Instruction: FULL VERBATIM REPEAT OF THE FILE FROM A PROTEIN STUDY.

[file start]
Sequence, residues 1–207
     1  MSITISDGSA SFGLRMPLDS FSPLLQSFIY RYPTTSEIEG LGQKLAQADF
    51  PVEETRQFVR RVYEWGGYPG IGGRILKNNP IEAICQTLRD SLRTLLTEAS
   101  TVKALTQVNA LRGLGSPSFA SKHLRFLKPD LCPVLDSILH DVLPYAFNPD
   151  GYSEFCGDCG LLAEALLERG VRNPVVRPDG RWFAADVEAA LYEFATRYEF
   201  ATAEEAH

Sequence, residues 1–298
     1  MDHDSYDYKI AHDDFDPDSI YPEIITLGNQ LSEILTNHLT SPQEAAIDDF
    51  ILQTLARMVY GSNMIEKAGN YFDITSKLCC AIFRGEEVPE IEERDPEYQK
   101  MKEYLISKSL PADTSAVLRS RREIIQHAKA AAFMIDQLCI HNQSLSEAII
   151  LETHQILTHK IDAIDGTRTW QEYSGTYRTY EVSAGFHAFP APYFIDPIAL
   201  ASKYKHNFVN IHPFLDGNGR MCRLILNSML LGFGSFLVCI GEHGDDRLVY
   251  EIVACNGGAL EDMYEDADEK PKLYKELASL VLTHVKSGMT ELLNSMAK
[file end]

Sequence, residues 1–207
     1  MSITISDGSA SFGLRMPLDS FSPLLQSFIY RYPTTSEIEG LGQKLAQADF
    51  PVEETRQFVR RVYEWGGYPG IGGRILKNNP IEAICQTLRD SLRTLLTEAS
   101  TVKALTQVNA LRGLGSPSFA SKHLRFLKPD LCPVLDSILH DVLPYAFNPD
   151  GYSEFCGDCG LLAEALLERG VRNPVVRPDG RWFAADVEAA LYEFATRYEF
   201  ATAEEAH

Sequence, residues 1–298
     1  MDHDSYDYKI AHDDFDPDSI YPEIITLGNQ LSEILTNHLT SPQEAAIDDF
    51  ILQTLARMVY GSNMIEKAGN YFDITSKLCC AIFRGEEVPE IEERDPEYQK
   101  MKEYLISKSL PADTSAVLRS RREIIQHAKA AAFMIDQLCI HNQSLSEAII
   151  LETHQILTHK IDAIDGTRTW QEYSGTYRTY EVSAGFHAFP APYFIDPIAL
   201  ASKYKHNFVN IHPFLDGNGR MCRLILNSML LGFGSFLVCI GEHGDDRLVY
   251  EIVACNGGAL EDMYEDADEK PKLYKELASL VLTHVKSGMT ELLNSMAK